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Digital citizenship is one of the key parts of learning today

digital-citizenshipDiscussions about U.S. students’ ability to compete in a global economy, and their ability to use skills such as critical thinking and problem solving to succeed in college and the workforce, are commonplace. But central to those discussions is an issue that impacts nearly everything today’s tech-centric students do: digital citizenship.

While not a new concept or effort, digital citizenship may not be at the forefront of every school leader’s mind. But it should be, said Jason Borgen, program director of the Technology Information Center for Administrative Leadership (TICAL) in the Santa Cruz County Office of Education (Calif.).

“Digital citizenship shifts the way we do business and what we prepare our students for,” Borgen said, speaking on April 5 at the National School Boards Association’s annual conference in New Orleans. “Lots of recruiters don’t even look at resumes; they look at potential employees’ social media sites. We all have a digital footprint today. We’re all connected globally.”

(Next page: Digital citizenship’s nine important considerations)

Students may not know what a digital footprint is, and may not realize that every action they make online, from posting pictures to liking posts and linking to articles or web sites, is part of that digital footprint. Helping students realize that their actions today can impact their future is the first step in making them aware of the importance of crafting a positive digital footprint.

Digital citizenship is generally considered to include concerns related to citizenship, safety, and responsibility in the digital age. The Common Core State Standards and the standards’ emphasis on technology have a direct correlation to digital citizenship education, Borgen said.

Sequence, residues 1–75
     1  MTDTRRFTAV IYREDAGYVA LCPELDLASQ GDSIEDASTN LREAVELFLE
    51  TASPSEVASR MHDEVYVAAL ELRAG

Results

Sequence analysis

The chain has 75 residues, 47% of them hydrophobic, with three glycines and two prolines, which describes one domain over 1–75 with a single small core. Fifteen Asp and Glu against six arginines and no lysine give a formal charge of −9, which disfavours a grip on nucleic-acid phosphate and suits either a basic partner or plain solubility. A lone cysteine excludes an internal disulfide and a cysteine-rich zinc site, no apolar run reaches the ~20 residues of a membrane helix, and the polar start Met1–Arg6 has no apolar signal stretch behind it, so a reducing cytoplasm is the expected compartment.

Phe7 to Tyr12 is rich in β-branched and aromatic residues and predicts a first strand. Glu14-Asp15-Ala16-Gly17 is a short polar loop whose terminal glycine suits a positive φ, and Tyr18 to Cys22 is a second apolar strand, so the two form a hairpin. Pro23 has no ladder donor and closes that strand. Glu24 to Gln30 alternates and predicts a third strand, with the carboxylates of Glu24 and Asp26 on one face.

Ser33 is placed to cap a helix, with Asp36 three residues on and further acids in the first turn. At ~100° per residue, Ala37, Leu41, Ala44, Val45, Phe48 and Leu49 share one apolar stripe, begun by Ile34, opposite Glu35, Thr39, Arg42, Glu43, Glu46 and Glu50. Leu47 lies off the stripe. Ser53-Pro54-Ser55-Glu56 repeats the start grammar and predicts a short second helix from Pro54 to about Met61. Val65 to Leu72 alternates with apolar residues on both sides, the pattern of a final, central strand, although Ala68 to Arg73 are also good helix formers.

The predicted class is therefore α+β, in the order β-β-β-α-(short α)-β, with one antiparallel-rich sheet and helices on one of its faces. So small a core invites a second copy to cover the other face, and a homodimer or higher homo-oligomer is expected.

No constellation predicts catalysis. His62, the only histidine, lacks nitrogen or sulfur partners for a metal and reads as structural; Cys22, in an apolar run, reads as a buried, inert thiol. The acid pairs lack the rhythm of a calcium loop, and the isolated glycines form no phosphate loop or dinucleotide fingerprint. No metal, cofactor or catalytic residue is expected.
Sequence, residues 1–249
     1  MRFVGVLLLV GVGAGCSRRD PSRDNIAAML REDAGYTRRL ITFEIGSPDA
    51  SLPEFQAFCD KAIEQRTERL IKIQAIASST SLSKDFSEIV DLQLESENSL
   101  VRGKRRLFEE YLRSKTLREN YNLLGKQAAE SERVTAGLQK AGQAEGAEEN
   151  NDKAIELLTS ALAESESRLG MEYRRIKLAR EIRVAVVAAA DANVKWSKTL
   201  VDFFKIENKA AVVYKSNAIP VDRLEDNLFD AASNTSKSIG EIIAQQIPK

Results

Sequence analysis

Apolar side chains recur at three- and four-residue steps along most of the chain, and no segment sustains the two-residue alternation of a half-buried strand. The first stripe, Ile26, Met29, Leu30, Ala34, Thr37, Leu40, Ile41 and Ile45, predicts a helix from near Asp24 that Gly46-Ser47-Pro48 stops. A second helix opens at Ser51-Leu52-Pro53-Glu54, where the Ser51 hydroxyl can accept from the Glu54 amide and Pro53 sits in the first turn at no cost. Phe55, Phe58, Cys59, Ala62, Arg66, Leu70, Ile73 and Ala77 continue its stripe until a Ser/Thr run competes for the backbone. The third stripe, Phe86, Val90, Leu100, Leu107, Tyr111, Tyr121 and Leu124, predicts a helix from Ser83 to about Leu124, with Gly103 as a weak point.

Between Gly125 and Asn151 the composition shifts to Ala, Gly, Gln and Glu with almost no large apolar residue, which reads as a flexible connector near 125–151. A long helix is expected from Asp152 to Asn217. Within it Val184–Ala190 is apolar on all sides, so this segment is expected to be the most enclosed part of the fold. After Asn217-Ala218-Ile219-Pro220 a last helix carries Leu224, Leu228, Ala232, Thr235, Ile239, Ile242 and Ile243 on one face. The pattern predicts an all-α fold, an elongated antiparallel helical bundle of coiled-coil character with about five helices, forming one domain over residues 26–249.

Borgen summarized nine digital citizenship considerations outlined in a 2011 book by Mike Ribble, published by the International Society for Technology in Education.

  1. Digital access. Do students have it? Broadband internet should be a civil right, according to some.
  2. Digital commerce. Do we teach students how to bank and purchase online? Do they know what it means, how to be safe, and how to protect their information when they’re on a public computer?
  3. Digital literacy. What does literacy mean today? It could be defined as the capability to use digital technology, along with knowing when and how to use it and operating comfortably in an online environment. Modern libraries include lots of computers and collaboration. Can students evaluate information and determine what is reliable and what is not?
  4. Digital law. The biggest legal digital issue is copyright, extending to music, photos, videos, and software. Do students know what materials are free to use, such as those in the Creative Commons, and which they must seek permission to use?
  5. Digital health and wellness. What are the elements of physical and psychological well-being related to digital technology use, and can students balance online time and technology use with exercise and face-to-face interaction with others?
  6. Digital security. Do students know the precautions that all technology users must take to guarantee their personal safety and the security of their networks?
  7. Digital communication. Technology makes the electronic exchange of information almost effortless. What are the implications of this? How has this information exchange impacted society?
  8. Digital etiquette. This concerns the standard of conduct expected by other digital technology users. We participate in online content when we leave comments or vote in polls. Do students know the appropriate ways to behave and how to leave a positive digital footprint behind, even if they are leaving critical comments or questioning the validity of information?
  9. Digital rights and responsibility. The privileges and rights extended to all digital technology users, and the behavioral expectations that come with them.

“The ability to collaborate and connect with people has so much potential for our world and society,” Borgen said.

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Laura Ascione

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